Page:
The London School of Flying (tel: 0181-953 4343) does not run summer camps in Britain but has a number of centres in the south-east of England which offer flying lessons. An initial lesson (two flights plus a landing at a different airfield) costs pounds 125. The following 40 hours of lessons, the minimum required, including the pilot's test, costs between pounds 3,000 and pounds 5,000. The organisation offers a two to three-week summer course in Florida, USA, for pounds 3,000, including tuition fees and the test. Accommodation (from pounds 12 per night) and return flights from Britain cost extra. This course gives a full insight into aviation careers along with lessons, although the age range tends to be late teens upwards.

A good way for young people to get a general introduction to aviation without incurring huge costs is to join either the ATC (Air Cadets), run by the RAF (tel: 0181-845 2300 ex 7278), or the Combined Cadet Force (enquire through your local education authority). Both offer young people flying opportunities, including summer schools.

Ups and downs of cycling around China

I'm planning to cycle from Mongolia to Hong Kong next July. I need your advice on visas and formalities for transporting my bike from Mongolia to China, on health, road conditions, and accommodation en route. Do I need to carry a tent? Could you suggest the best route through China? I was thinking of cycling along the coast. Is this a good idea?

Cristiano

Brussels

The Travel Editor replies: The good news is that there are a fair number of crazy Westerners cycling through China on routes as long and arduous as Tibet to Shanghai or Peshawar to Peking.

Whether to bring your own bike or to buy one locally? Your own bike from Belgium will be easier to pedal and will have gadgets attached. But if you are in no great hurry there is something to be said for buying a bike on the spot. In this way your bike will attract nobody's attention and will be simple and cheap to repair along the way. Local bikes are strong, heavy things built for durability not speed - just what you need for the atrocious roads.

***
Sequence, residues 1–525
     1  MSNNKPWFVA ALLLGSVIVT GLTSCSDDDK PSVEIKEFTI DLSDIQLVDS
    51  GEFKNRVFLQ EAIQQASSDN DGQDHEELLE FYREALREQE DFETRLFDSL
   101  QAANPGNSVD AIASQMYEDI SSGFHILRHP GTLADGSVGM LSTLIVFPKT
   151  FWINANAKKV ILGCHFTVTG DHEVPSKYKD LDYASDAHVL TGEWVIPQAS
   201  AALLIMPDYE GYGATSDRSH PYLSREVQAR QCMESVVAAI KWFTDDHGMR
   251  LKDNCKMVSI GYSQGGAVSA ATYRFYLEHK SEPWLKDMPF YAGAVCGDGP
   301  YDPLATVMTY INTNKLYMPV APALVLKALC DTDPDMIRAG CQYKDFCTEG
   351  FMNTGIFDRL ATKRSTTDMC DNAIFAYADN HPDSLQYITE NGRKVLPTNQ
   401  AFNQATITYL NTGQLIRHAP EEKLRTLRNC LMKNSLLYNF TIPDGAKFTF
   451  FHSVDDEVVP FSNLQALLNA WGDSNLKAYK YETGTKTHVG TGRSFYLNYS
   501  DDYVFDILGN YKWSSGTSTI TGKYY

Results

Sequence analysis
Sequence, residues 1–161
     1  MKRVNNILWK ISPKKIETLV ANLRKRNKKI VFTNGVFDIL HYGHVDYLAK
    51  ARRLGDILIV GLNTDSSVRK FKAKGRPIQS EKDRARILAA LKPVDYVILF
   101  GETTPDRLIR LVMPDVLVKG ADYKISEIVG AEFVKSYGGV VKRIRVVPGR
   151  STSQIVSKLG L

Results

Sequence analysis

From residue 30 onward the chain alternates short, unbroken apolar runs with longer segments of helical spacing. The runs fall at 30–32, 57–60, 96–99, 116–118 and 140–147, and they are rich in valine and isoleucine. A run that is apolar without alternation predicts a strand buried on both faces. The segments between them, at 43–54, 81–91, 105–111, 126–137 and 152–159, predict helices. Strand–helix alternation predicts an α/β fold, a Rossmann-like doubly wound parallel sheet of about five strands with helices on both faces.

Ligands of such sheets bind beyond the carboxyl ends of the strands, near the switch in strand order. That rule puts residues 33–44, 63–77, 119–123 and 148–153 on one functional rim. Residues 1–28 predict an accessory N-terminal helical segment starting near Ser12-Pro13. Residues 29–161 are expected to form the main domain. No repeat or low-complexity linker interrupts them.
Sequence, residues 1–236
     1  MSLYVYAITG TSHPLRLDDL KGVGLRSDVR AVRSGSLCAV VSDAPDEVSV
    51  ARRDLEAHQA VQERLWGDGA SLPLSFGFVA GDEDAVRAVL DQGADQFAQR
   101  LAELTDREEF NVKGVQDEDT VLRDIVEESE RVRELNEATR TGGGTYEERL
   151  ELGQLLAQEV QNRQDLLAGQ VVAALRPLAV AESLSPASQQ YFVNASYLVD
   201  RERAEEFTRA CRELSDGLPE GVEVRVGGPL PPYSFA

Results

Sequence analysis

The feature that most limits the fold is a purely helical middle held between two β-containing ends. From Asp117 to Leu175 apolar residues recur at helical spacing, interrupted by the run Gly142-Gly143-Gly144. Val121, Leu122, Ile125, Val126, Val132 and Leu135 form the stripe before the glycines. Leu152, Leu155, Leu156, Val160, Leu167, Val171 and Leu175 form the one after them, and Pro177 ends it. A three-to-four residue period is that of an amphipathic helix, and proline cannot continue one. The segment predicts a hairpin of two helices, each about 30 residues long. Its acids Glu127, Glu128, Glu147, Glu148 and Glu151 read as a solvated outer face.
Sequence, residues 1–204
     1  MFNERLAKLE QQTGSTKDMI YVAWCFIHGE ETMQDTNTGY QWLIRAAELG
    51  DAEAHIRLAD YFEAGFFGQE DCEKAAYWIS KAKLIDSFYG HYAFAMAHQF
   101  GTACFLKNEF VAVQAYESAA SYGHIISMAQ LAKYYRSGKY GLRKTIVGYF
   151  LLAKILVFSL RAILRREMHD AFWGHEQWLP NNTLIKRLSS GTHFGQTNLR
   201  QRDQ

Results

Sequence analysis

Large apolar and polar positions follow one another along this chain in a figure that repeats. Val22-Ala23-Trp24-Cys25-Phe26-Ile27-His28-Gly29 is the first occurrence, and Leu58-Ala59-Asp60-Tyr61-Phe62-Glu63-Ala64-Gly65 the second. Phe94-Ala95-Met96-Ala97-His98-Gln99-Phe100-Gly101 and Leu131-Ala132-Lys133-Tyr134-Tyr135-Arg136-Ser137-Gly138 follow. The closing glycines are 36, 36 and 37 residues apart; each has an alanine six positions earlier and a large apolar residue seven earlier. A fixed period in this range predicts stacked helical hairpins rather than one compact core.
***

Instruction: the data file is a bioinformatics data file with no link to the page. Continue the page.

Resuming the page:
There is little use for a tent in much of eastern China. The countryside is so crowded that anybody doing anything as odd as pitching a tent instantly finds themselves surrounded by hundreds of onlookers. You'll always find grim, dormitory-style rooms in villages you pass through. Having said that, Mongolia is for the most part a vast wilderness and here a tent would be useful. The best thing would be to take a tent and then discard it once you have left the Mongolian wildernesses.

One problem you will occasionally encounter, especially in China, is that of inadvertantly cycling into unmarked "closed areas". The result will usually be nothing worse than a few hours in custody and a smallish "fine" of perhaps pounds 10 or pounds 20. In rare cases, you may be put on trial or expelled from the country.

As for your route, I would suggest cycling first from Ulan Bator to Peking. This 800-mile leg is mostly downhill. Avoid the coastal route south, which is mountainous and has few roads. From Peking head south through the flat plains of northern China as far as the Yangtze River; crossing the river at Nanjing will make you happy. From here to Hong Kong however is a fairly mountainous journey.

The total journey - some 2,500 miles - is going to take you several months, so remember to apply for a three-month China visa at the outset. You can extend it by a month or two while you are there.

For more information, call the CTC (Cyclists' Touring Club) (tel: 01483- 417217). It can supply information sheets on cycling conditions for most parts of the world.

A (very) alternative option would be to join an upmarket cycling tour of China. Try California-based Backroads (tel: 510 527 1555). Its two- week cycling tours of China cost about pounds 2,500 (including internal but not international flights) starting in Peking and finishing in Hong Kong. The next departure is in the autumn.

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Write to: the Travel Editor, Independent on Sunday, 1 Canada Square, Canary Wharf, London E14 5DL. Fax: 0171-293 2043. E-mail to: sunday travel@ independent.co.uk